- Dominik Giese
- and Kai-Uwe Schnapp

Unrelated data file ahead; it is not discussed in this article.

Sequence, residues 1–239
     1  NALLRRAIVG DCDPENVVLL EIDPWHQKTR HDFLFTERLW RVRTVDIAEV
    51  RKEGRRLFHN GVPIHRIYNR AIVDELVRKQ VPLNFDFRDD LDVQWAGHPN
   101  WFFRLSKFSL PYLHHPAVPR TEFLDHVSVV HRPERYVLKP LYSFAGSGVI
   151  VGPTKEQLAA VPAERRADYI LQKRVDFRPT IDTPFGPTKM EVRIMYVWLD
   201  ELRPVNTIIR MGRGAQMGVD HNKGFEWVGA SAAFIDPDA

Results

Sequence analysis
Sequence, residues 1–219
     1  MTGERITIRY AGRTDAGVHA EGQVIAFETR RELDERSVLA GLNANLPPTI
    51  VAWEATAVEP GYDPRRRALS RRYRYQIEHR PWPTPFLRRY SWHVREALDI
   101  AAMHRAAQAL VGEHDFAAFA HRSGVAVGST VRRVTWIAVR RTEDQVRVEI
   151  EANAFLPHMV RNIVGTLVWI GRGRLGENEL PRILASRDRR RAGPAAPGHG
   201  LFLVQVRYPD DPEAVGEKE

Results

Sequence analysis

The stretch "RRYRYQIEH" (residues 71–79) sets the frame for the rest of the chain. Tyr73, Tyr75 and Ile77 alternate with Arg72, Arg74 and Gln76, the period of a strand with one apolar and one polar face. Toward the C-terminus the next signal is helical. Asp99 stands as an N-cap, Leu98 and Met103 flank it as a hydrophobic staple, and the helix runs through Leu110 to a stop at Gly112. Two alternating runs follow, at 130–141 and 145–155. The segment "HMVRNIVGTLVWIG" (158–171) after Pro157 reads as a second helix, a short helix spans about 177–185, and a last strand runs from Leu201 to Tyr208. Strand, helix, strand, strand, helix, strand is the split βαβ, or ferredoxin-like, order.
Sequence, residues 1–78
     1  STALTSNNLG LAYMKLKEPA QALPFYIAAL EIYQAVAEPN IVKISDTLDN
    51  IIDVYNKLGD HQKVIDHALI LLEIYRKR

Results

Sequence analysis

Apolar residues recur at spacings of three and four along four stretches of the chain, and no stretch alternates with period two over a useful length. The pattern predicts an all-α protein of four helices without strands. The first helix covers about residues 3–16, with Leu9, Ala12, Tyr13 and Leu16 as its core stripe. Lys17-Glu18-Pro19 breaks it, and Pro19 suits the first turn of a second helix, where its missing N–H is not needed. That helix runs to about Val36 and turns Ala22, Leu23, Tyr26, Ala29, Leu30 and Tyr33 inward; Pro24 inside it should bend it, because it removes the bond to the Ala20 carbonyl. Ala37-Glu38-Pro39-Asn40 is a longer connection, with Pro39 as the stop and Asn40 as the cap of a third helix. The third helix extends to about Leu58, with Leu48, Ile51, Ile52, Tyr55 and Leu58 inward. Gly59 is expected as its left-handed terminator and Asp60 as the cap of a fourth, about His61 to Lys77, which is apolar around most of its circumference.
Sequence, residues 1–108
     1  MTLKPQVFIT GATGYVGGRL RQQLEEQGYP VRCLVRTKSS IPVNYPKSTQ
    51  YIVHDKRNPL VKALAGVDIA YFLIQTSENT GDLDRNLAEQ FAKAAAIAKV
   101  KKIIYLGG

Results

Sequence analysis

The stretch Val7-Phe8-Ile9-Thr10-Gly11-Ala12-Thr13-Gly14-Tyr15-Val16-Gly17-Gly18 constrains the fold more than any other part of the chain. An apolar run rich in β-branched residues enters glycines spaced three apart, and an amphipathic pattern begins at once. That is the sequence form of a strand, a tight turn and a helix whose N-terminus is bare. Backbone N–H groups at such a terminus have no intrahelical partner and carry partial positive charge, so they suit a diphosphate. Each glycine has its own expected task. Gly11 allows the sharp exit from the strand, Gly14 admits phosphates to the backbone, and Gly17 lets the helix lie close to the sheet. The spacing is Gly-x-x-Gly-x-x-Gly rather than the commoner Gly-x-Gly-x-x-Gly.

This chapter looks at deduction, induction, and retroduction, which are three forms of reasoning that explain observations or develop new explanations from observations, by connecting sentences to a logical structure. Deduction explains individual occurrences of a phenomenon based on general sentences (laws) and respective circumstances. Induction derives general sentences (laws) from repeated observations of similar events. Retroduction, also often referred to as ‘abduction’, is an educated guess about the likely explanation for an observation, which can then be tested. The purpose of applying these forms of reasoning to observational studies is to make logic an explicit tool that applies extant knowledge, or develops new knowledge. While deduction applies extant knowledge, induction and retroduction develop new knowledge. The basic structure of all three forms of reasoning is derived from classical syllogisms (arguments), i.e. a structure in language that combines sentences (premises) to a conclusion. The chapter then considers examples of scientific work that applies the three forms of reasoning.